YESS YESS YESS. It had its faults in hindsight, but look at what there were given. There were initially in a very mysoginistic society that had demeaned, demoralized, and de humanized the black man in any and every way possible. There were man that Raping and pillaging the wives or black men, who publically whipped, beat, spat on and lynched 'em. THEY WERE NOT HUMAN. If you ever get the chance get a hold of "We wear the mask" by Paul Lawrence Dunbar. It very well details a lot of the internalized feelings of black men at the time. The point in all this was that in a partiarchial society, the black man historically had been shitted on like an outhouse. This internalized repression is passed down through generations and manifested itself in the outward rage these very same black men exhibited to a point where it became excessive and of detriment to the struggle overall. Its still a problem today and will continue to be because black men are forced to overly exerty their masculinity in daily life. THis is why the issue of homosexuality is so taboo and why many of those who are homosexual choose to express their sexuality in an overly dramatically fashion (the classic "ghetto fag"). Reflection on past instances and during the present to make sure that what you're doing is right is very much necessary, because if WE dont know the past we're doomed to repeat it.


>He
>then talked about a workshop
>he had with Amiri who
>called a woman lost feeling
>like she had to deal
>with ther gender and sexuality
>as lesbian before she deals
>with her race. Amiri said,
>"in their eyes you'll always
>be black first." Saul said
>'"no Amiri you're lost as
>long you're concered with what
>you are in their eyes!"

I agree, but it is this sociological "looking glass self" that creates the duality that Palo frero (in pedogogy of the opressed) and DuBois speak of. They know not only themselves, now they percieve themselves, but also try to internalize the way that others percieve them. And in this country that means a lot of your black. True consciousness transcends the lookingglass self, but its only human to fall victim to it. (point goes to Williams)

>
>At this point an elder woman
>in the crowd jumped up
>and said your disrespeeting an
>elder and began a 10
>minute tirade on Saul that
>ended in the woman being
>removed from the auditorium, She
>called him disrespectful, demanded he
>contribute whatver he got paid
>to speak that night to
>the reparations movement. Saul handled
>it mad well, he was
>caught mad off guard, the
>crowd was stunned. Anyway i
>was talking to an elder
>who there wit' me afterwards
>and he felt he dead
>wrong for doing that, he
>said "The Elders can't antagonize
>the youth!"
>

This bitch is crazy...

>I say all of that to
>raise several questions...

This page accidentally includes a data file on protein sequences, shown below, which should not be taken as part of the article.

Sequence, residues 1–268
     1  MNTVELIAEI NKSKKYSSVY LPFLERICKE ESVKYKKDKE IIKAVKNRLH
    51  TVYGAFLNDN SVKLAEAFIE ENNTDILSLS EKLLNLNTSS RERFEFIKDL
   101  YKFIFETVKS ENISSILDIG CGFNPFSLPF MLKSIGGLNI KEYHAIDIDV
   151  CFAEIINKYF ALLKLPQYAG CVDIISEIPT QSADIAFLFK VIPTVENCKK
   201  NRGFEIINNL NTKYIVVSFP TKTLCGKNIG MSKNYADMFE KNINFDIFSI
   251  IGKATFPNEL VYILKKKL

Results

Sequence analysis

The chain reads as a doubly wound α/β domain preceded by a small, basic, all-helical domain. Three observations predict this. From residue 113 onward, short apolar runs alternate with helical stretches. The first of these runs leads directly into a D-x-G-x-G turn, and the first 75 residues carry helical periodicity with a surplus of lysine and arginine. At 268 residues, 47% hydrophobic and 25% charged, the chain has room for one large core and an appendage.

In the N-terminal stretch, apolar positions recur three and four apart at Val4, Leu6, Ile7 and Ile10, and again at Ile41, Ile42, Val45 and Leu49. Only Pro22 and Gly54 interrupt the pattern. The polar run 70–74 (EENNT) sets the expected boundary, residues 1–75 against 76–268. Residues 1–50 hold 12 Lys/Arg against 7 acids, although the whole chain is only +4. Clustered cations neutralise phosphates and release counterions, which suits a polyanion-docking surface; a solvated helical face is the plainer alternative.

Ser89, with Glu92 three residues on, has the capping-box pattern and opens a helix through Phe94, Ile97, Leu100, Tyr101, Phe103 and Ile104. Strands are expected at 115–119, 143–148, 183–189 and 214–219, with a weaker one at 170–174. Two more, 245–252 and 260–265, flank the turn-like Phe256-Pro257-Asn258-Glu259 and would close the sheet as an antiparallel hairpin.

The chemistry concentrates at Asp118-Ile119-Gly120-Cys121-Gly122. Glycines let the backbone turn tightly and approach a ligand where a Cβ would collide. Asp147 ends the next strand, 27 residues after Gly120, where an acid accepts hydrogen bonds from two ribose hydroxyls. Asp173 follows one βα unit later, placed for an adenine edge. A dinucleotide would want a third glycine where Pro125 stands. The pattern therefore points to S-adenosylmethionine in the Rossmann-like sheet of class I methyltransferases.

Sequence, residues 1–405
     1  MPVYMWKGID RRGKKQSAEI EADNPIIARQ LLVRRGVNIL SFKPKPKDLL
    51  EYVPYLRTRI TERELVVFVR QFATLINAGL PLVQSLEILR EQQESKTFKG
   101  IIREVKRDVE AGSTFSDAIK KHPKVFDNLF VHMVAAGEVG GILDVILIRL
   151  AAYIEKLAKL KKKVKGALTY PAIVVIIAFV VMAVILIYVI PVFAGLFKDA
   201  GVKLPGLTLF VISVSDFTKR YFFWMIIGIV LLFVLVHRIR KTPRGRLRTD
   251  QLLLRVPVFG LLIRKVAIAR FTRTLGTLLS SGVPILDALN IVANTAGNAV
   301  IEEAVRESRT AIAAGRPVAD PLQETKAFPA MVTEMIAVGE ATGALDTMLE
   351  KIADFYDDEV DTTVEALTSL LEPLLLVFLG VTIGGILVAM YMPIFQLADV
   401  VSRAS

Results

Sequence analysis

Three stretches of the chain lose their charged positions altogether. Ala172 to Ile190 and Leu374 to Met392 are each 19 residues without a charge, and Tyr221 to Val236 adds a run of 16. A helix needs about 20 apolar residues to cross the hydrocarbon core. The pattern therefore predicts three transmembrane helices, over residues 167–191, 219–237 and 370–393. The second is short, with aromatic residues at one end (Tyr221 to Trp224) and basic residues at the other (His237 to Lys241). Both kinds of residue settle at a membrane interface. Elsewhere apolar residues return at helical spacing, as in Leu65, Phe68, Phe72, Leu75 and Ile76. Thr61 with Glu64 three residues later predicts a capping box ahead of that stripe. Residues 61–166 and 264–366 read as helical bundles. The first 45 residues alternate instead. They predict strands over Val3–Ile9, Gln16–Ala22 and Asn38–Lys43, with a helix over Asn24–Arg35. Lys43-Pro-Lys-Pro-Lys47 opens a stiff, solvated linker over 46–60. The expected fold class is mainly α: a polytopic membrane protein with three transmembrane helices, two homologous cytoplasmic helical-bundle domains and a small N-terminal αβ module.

>1)Are Black artists obligated to a
>Black movement or a Human
>movement?
Pure art is purposeless, but I have more respect for art that speaks of, or reflects human reality and offers insight (makes me think). I'm not one to restrict the decisions of others, but I do think that all people should feel an obligation to something larger than themselves. "If someone hasn't found something to die for, they aren't fit to live"

>2)Should the Elders step out of
>leadership positions they've been holding
>since the 60-70's and let
>younger blood with new ideas
>take riegns.
I think that elders need to GET THA FUCK OFF THEIR ASSES, STOP HAVING AWARDS CEREMONIES, BANQUETS, LUNCHEONS, DINNERS, ALL DAT SHYT and talk to the youth. These coming generations mine included are LOST y'all. We need guidance. We need elders to school us so that we don't make a lot of stupid mistakes and don't waste time. Elders are the most important asset of any society, so lets utilize 'em, it takes an effort on both sides. I'm willing, but I wish that all this award bullshit should cease for a while until something really gets done, something really gets changed, and people really merit them. (this is a very general and sweeping statement, I know.)

>3)Was Saul wrong?(Based on the limited
>info i gave you)
In what case, I think that at this point in time, saul is on the right track, his position shouldnt be an end though, but a means to an end similar to Amiri.

>4)Is it wrong to point out
>the mistakes of the elders?
HELL NO, no one is above criticism. No one. And at the juncture where they no longer welcome criticism, they should seriously reflect on why they are doign what they do.
>
>5)How can Hip-Hop generation continue to
>make progressive change?

Do like Saul and a lot of other progressive hip hoppers and keep spreading the light. Cause we all need it... Then in the words of Drag-On, we can "flame on" if ya know what i mean.

hotep, love and life
~~~~~~~~
AIM: Mello01
Homepage: http://members.blackplanet.com/2bYGB/
E-mail: melvin@poetic.com

********
If knowledge was your wealth, then it would be well-earned. -Silly E. Badu

Gary, Indiana, the city of the new century. -Mello

Did you hear about the rose that grew from the concrete? -Pac

Give a dayum if any fam recall my legacy, I'm tryna live life in tha sight of God's memory... -Mos Def

Its time to get some Ghetto Heaven
-Rasheed & D'

The people, united, will never be defeated. - Talib

  

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Ailyha
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826 posts
Tue Jan-23-01 01:42 PM